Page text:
Christchurch’s $260,000 Public Transport Campaign “Meaningless” Consultation

Chris Lynch
Chris Lynch
May 09, 2024 |

A public transport campaign described as “meaningless” by a road safety campaigner cost $260,000.

The Urban Growth Partnership for Greater Christchurch was established by local councils, mana whenua, and the Crown to “collectively plan for the future growth of the region.”

Under the then Labour government, the partnership created a 2023 campaign, Huihui Mai which included a potential “turn up and go” mass rapid transit system, among other spatial plans.

Costs released to Chris Lynch Media, reveal that Christchurch PR film Great Scott was paid $195,980.00, Cross-Polynate, which claims to “combine collaborative leadership and indigenous participatory approaches to build social connectedness that enables youth development” was paid $30,000.00, Wanaka based company Mcelrea Consulting Limited was paid, $29,381.00, Research First got $1,500.00, and the Make Collective Limited received $3,850.00.

This, despite the fact that all of the councils involved have communications staff.

A seminar shared on Youtube about the plan received 421 views.

Transport Minister Simeon Brown wouldn’t be drawn on whether Huihui Mai was value for money but said “I have made my expectations clear that transport authorities and local government need for focus on value for money and delivery, including in how they consult.

“If engagement is required to be undertaken, then it ought to be genuine and include local businesses and communities that will be affected by any changes.

“Consultation and engagement with the public is an important and often legally required part of the work we do in delivering transport projects and programmes” Brown said.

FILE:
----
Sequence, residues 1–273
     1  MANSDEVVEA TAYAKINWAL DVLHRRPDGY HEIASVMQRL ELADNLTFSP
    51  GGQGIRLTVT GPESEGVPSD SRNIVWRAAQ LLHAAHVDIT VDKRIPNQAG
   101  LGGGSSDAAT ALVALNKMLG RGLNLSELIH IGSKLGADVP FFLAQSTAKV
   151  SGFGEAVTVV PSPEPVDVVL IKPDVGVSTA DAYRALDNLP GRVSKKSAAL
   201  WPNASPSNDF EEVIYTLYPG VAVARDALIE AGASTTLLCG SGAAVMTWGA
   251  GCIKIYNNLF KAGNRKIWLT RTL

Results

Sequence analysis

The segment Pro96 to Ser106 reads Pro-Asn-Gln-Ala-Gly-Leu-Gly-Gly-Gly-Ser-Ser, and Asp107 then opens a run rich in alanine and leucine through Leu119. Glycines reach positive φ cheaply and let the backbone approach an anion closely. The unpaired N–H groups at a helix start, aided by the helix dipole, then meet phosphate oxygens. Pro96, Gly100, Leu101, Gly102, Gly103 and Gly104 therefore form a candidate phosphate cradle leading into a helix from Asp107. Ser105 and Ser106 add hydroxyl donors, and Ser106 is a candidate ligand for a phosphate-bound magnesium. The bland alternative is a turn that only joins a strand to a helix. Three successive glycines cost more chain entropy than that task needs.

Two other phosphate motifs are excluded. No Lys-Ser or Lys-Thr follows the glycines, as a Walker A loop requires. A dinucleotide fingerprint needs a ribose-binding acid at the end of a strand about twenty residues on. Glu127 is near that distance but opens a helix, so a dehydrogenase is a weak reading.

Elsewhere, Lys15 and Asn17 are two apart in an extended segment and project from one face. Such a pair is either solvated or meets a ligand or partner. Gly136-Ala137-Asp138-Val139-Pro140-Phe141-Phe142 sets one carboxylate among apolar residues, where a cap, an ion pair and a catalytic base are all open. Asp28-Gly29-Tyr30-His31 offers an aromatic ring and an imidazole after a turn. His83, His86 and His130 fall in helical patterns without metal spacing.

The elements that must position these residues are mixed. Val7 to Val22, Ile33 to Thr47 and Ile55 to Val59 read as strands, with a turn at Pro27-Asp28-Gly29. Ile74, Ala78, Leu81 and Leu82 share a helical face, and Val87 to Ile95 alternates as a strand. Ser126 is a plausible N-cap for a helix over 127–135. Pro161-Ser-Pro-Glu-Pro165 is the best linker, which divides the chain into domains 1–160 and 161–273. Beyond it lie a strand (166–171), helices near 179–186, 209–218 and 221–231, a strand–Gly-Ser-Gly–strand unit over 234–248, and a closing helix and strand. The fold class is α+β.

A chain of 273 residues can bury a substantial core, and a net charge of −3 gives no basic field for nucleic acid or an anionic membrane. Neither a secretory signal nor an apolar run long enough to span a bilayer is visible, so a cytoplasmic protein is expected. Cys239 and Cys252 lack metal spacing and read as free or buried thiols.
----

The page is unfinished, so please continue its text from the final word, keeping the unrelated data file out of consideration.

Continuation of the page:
During the six weeks of the engagement, over 7,000 people filled out the online survey, with additional feedback collected at drop-in sessions and workshops.

NZTA contributed $90,000 of the cost to the Huihui Mai consultation, with the remainder paid for by Environment Canterbury, Christchurch City, Waimakariri, and Selwyn District Councils.

Road safety campaigner Clive Matthew-Wilson said it was important that public consultation was genuine. 

“Consultation is meaningless if the outcome is already decided. Often, so-called public consultation is just a formality; an unelected group decides what the future will bring, then holds a so-called public consultation because they’re legally required to do so.

“These consultations tend to attract networked activists, with their own agendas that may conflict with the majority of people who live in that city.

“These activists swamp the local government with submissions, while a large percentage of the public is probably not even aware that the consultation is taking place.”  

Matthew-Wilson believes most voters will support policies that are well explained, fair and likely to improve their city.

“For example, many voters strongly support improved public transport. But the shambles surrounding the recently-cancelled Dominion Road light rail  in Auckland  should be a warning to both politicians and voters” he said.

“Many voters feel that town planning has been hijacked by people who wish to impose their own agendas on everyone else.”

“The end result is widespread distrust in governments and a sense that democracy is meaningless. Also, despite the fact that many urban planning policies are presented as road safety improvements. In fact, these policies generally make no difference to the worst road safety offenders, such as ram raiders, boy racers and teenagers who flee from police” Matthew-Wilson said.

Chris Lynch
Chris Lynch

Chris Lynch is a journalist, videographer and content producer, broadcasting from his independent news and production company in Christchurch, New Zealand. If you have a news tip or are interested in video content, email [email protected]

Have you got a news tip? Get in touch here

got a news tip?